Autonomous mobile robots improve logistics

At Ford Motor’s body and stamping plant in Valencia, Spain, autonomous mobile robots (AMRs) improved overall logistics and allowed human workers to work on more complex tasks.

By Ed Mullen February 10, 2020

While robots aren’t new to Ford Motor Co., its 3.2 million-sq-ft factory in Almussafes-Valencia, Spain, has added autonomous mobile robots (AMRs) to its facility. The body and stamping plant makes 2,000 vehicles a day. Until 2018, workers had to manually deliver fresh industrial and welding materials to the different industrial robot stations within the massive facility, a repetitive and time-consuming task. Plant managers knew they needed to improve their logistics and make these employees available for more valuable tasks.

Using AMRs on the plant floor

Ford decided to purchase a flexible and collaborative mobile robot to deliver the spare parts to the manufacturing plant. The mobile robots avoid unforeseen obstacles, modify their routes or stop when necessary, and work safely alongside people and other vehicles.

Ford equipped the AMRs with an automated shelving system with 17 slots to accommodate materials of different weights and sizes. To avoid errors, the opening and closing of these slots is automated, meaning operators in each area only have access to the materials assigned to them.

We programmed the AMR to learn the entire plant map, and this, together with the sensors with which it is equipped, means that it does not need any external help to circulate safely,” said Eduardo García Magraner, the plant’s engineering manager.

Ford tested the first robot for a while to see how it would operate in real time. García Magraner said, “It worked flawlessly and has become a very valuable member of the team. When the tests started, the operators were staring at the robot as it passed by, as if in a science fiction movie. Now, they go on with their work knowing that the robot is smart enough to work around them.”

The company introduced two other AMRs shortly after to transport more spare parts for production equipment from the warehouse to the production lines.

A key reason for choosing AMRs was their flexibility. “For us, it was important that the three robots had one key feature — that for the navigation of the robot, no external elements were needed, such as external beacons, magnets or tapes on the ground,” said Miguel Montaña, the facility’s analyst on maintenance control. “So, we simply mapped the test area, and the robot began to work, just like that. In an environment as complex as ours, that is very important.”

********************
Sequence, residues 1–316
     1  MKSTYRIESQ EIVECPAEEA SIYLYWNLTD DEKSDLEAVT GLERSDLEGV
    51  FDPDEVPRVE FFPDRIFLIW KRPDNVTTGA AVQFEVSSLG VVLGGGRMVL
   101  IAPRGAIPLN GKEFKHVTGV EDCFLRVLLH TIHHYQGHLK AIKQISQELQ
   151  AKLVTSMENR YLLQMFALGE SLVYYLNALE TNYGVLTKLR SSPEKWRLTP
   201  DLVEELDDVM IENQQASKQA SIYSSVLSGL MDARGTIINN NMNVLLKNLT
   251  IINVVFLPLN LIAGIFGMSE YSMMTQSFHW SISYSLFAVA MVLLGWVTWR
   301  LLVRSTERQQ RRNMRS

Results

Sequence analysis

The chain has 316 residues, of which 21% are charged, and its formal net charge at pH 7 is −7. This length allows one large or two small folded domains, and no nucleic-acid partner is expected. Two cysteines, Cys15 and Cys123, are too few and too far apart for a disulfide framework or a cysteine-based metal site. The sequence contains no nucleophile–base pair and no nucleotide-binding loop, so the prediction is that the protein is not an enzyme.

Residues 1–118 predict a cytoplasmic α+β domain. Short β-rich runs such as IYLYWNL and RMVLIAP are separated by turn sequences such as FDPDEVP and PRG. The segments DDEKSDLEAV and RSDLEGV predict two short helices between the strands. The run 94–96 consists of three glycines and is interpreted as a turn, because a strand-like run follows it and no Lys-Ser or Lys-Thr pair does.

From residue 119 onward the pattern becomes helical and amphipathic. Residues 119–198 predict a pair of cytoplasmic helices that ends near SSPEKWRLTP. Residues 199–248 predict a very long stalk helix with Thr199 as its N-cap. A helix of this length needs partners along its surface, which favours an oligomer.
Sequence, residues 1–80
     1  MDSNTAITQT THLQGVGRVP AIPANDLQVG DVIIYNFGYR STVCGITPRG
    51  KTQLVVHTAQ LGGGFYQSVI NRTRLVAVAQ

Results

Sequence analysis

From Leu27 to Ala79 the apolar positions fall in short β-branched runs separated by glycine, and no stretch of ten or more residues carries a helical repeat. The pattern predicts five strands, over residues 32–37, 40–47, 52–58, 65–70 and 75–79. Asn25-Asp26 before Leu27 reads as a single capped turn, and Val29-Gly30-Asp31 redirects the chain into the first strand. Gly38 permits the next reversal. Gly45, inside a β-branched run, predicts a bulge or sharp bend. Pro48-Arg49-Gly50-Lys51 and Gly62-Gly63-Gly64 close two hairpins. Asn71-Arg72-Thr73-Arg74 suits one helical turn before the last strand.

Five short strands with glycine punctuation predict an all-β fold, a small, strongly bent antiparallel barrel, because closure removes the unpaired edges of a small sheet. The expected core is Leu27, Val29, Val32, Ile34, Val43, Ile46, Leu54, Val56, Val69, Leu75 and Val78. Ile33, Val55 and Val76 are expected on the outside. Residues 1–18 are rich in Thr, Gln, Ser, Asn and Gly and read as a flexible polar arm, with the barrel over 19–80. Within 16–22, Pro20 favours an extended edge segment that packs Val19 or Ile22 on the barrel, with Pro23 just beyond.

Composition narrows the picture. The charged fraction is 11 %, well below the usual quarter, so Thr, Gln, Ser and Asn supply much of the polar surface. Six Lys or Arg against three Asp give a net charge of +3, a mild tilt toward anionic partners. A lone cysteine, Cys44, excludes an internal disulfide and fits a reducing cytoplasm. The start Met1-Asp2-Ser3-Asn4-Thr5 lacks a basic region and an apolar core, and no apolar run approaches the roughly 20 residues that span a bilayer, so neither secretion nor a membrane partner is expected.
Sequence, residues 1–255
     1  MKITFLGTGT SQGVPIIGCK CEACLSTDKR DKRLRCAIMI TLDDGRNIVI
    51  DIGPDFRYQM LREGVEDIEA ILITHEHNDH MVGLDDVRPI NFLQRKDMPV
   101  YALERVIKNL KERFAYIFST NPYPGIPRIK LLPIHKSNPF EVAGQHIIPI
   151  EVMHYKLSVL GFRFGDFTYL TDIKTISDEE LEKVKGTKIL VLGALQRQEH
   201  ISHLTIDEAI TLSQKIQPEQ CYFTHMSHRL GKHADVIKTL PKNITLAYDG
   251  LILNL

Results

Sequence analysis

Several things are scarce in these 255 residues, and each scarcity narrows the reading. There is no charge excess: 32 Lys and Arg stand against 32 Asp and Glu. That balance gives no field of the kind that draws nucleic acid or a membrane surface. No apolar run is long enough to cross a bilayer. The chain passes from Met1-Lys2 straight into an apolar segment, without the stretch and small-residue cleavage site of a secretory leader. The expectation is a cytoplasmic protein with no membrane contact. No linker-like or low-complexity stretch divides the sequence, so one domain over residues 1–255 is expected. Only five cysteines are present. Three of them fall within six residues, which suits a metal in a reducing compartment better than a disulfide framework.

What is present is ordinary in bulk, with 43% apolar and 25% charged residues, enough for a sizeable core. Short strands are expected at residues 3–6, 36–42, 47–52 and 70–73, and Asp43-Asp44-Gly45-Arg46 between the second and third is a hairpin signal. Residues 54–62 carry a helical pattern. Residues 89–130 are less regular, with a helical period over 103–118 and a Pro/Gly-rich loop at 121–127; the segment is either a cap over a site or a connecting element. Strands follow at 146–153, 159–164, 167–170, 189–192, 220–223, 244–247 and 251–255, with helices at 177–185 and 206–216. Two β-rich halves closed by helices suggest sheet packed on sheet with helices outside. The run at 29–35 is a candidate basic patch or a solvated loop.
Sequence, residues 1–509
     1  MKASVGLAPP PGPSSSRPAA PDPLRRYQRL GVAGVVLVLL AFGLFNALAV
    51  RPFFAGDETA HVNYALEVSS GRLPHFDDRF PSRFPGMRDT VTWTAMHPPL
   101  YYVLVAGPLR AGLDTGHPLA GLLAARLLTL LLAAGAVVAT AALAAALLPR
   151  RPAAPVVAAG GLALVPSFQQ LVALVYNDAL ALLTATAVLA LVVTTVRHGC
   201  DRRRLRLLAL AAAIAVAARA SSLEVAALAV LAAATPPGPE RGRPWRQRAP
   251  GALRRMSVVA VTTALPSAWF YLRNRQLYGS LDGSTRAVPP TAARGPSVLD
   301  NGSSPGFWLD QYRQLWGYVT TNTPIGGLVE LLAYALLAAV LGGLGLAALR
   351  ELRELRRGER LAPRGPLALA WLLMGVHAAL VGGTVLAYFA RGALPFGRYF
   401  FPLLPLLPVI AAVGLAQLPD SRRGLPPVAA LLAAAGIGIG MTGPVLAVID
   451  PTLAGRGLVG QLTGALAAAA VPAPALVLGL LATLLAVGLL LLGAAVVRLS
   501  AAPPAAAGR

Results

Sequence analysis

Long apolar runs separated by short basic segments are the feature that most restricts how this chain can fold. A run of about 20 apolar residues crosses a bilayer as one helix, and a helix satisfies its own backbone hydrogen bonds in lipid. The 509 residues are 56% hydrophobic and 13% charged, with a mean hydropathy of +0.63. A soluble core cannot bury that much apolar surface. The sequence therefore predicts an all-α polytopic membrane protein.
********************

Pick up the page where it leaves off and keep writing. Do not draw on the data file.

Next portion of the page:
For Ford’s employees, ease of use was also a major factor. According to García Magraner, “The robot is well configured so that it can be used by anyone even if they are not familiar with the world of collaborative mobile robots. The system is very user-friendly, as the three robots have their own routes throughout the extensive factory area.”

Mobile robot benefits

Tests conducted by Ford show that one mobile robot alone frees up to 40-human hours per day, allowing workers to dedicate themselves to more complex tasks. “We are proud to have one of the most innovative factories in Europe and pioneers in the use of collaborative mobile robots for the distribution of industrial materials that allow us to be more efficient in our intra-logistics,” said Pepe Pérez, corporate communications manager at Ford Spain.

Ford hopes to find additional applications in which to use the AMRs at the Valencia plant, but also take it to other Ford facilities in Europe. “We have been able to demonstrate that these robots are capable of learning their way by themselves and also interact perfectly well with our employees and forklift trucks or any other moving element with total safety,” concluded Helios Alverez, the plant manager.

Ed Mullen is vice president of sales, Americas, Mobile Industrial Robots (MiR). Edited by Chris Vavra, associate editor, Control Engineering, CFE Media and Technology,


Keywords: mobile robots, autonomous vehicles

Ford Motor added autonomous mobile robots (AMRs) to their facility in Valencia, Spain.

The AMRs they used were able to work seamlessly on the plant floor and assist human workers.

Having a mobile robot frees up humans to work on complex tasks.

Consider this

What benefits could your plant derive from AMRs and in what way?

ONLINE extra

The Ford Valencia engine plant website says the site is 270 acres and employs approximately 900 people.

Author Bio: Ed Mullen is vice president of sales, Americas, Mobile Industrial Robots (MiR).